Publications by authors named "Guido Caluori"

21 Publications

  • Page 1 of 1

Local electromechanical alterations determine the left ventricle rotational dynamics in CRT-eligible heart failure patients.

Sci Rep 2021 Feb 5;11(1):3267. Epub 2021 Feb 5.

Department of Cardiology and Structural Heart Disease, Medical University of Silesia, Ziołowa 45-47, Katowice, Poland.

Left ventricle, LV wringing wall motion relies on physiological muscle fiber orientation, fibrotic status, and electromechanics (EM). The loss of proper EM activation can lead to rigid-body-type (RBT) LV rotation, which is associated with advanced heart failure (HF) and challenges in resynchronization. To describe the EM coupling and scar tissue burden with respect to rotational patterns observed on the LV in patients with ischemic heart failure with reduced ejection fraction (HFrEF) left bundle branch block (LBBB). Thirty patients with HFrEF/LBBB underwent EM analysis of the left ventricle using an invasive electro-mechanical catheter mapping system (NOGA XP, Biosense Webster). The following parameters were evaluated: rotation angle; rotation velocity; unipolar/bipolar voltage; local activation time, LAT; local electro-mechanical delay, LEMD; total electro-mechanical delay, TEMD. Patients underwent late-gadolinium enhancement cMRI when possible. The different LV rotation pattern served as sole parameter for patients' grouping into two categories: wringing rotation (Group A, n = 6) and RBT rotation (Group B, n = 24). All parameters were aggregated into a nine segment, three sector and whole LV models, and compared at multiple scales. Segmental statistical analysis in Group B revealed significant inhomogeneities, across the LV, regarding voltage level, scar burdening, and LEMD changes: correlation analysis showed correspondently a loss of synchronization between electrical (LAT) and mechanical activation (TEMD). On contrary, Group A (relatively low number of patients) did not present significant differences in LEMD across LV segments, therefore electrical (LAT) and mechanical (TEMD) activation were well synchronized. Fibrosis burden was in general associated with areas of low voltage. The rotational behavior of LV in HF/LBBB patients is determined by the local alteration of EM coupling. These findings serve as a strong basic groundwork for a hypothesis that EM analysis may predict CRT response.Clinical trial registration: SUM No. KNW/0022/KB1/17/15.
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http://dx.doi.org/10.1038/s41598-021-82793-1DOI Listing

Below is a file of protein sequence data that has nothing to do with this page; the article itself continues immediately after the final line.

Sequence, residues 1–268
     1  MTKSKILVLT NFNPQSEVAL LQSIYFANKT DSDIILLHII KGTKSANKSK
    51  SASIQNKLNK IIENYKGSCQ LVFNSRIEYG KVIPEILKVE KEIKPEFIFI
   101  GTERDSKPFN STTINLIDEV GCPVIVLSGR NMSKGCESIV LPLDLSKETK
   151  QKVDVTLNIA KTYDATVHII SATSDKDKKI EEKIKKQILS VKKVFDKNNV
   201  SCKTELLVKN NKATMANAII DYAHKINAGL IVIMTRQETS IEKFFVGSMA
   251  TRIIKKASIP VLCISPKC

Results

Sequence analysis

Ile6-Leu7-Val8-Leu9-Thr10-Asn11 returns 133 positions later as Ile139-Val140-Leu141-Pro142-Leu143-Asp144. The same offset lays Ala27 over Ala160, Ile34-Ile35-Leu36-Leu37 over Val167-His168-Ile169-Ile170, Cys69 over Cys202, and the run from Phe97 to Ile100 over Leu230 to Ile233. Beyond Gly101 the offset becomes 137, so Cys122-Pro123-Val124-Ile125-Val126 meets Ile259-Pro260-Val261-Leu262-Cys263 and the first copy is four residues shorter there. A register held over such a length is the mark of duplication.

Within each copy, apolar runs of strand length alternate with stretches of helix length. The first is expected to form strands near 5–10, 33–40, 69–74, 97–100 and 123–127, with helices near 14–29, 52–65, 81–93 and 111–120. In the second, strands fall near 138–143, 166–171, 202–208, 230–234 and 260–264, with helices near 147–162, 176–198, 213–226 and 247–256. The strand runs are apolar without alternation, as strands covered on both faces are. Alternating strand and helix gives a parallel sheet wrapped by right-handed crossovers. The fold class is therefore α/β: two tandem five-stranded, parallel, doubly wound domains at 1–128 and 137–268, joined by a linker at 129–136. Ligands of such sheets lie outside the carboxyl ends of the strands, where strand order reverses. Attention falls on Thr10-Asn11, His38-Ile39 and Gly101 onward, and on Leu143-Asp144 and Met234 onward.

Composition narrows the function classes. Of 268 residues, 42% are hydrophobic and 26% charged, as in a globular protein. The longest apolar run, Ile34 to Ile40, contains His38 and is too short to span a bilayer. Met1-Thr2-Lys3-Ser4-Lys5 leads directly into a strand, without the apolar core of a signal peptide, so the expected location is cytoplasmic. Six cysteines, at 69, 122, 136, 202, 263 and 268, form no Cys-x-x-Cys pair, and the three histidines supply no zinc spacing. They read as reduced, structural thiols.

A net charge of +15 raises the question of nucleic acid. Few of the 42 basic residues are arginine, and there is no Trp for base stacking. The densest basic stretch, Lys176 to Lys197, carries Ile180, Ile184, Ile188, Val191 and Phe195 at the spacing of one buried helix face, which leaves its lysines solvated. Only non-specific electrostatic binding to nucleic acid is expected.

http://www.ncbi.nlm.nih.gov/pmc/articles/PMC7865069PMC
February 2021

AC Pulsed Field Ablation Is Feasible and Safe in Atrial and Ventricular Settings: A Proof-of-Concept Chronic Animal Study.

Front Bioeng Biotechnol 2020 3;8:552357. Epub 2020 Dec 3.

International Clinical Research Center, St. Anne's University Hospital Brno, Brno, Czechia.

Introduction: Pulsed field ablation (PFA) exploits the delivery of short high-voltage shocks to induce cells death via irreversible electroporation. The therapy offers a potential paradigm shift for catheter ablation of cardiac arrhythmia. We designed an AC-burst generator and therapeutic strategy, based on the existing knowledge between efficacy and safety among different pulses. We performed a proof-of-concept chronic animal trial to test the feasibility and safety of our method and technology.

Methods: We employed 6 female swine - weight 53.75 ± 4.77 kg - in this study. With fluoroscopic and electroanatomical mapping assistance, we performed ECG-gated AC-PFA in the following settings: in the left atrium with a decapolar loop catheter with electrodes connected in bipolar fashion; across the interventricular septum applying energy between the distal electrodes of two tip catheters. After procedure and 4-week follow-up, the animals were euthanized, and the hearts were inspected for tissue changes and characterized. We perform finite element method simulation of our AC-PFA scenarios to corroborate our method and better interpret our findings.

Results: We applied square, 50% duty cycle, AC bursts of 100 μs duration, 100 kHz internal frequency, 900 V for 60 pulses in the atrium and 1500 V for 120 pulses in the septum. The inter-burst interval was determined by the native heart rhythm - 69 ± 9 bpm. Acute changes in the atrial and ventricular electrograms were immediately visible at the sites of AC-PFA - signals were elongated and reduced in amplitude ( < 0.0001) and tissue impedance dropped ( = 0.011). No adverse event (e.g., esophageal temperature rises or gas bubble streams) was observed - while twitching was avoided by addition of electrosurgical return electrodes. The implemented numerical simulations confirmed the non-thermal nature of our AC-PFA and provided specific information on the estimated treated area and need of pulse trains. The postmortem chest inspection showed no peripheral damage, but epicardial and endocardial discolorations at sites of ablation. T1-weighted scans revealed specific tissue changes in atria and ventricles, confirmed to be fibrotic scars via trichrome staining. We found isolated, transmural and continuous scars. A surviving cardiomyocyte core was visible in basal ventricular lesions.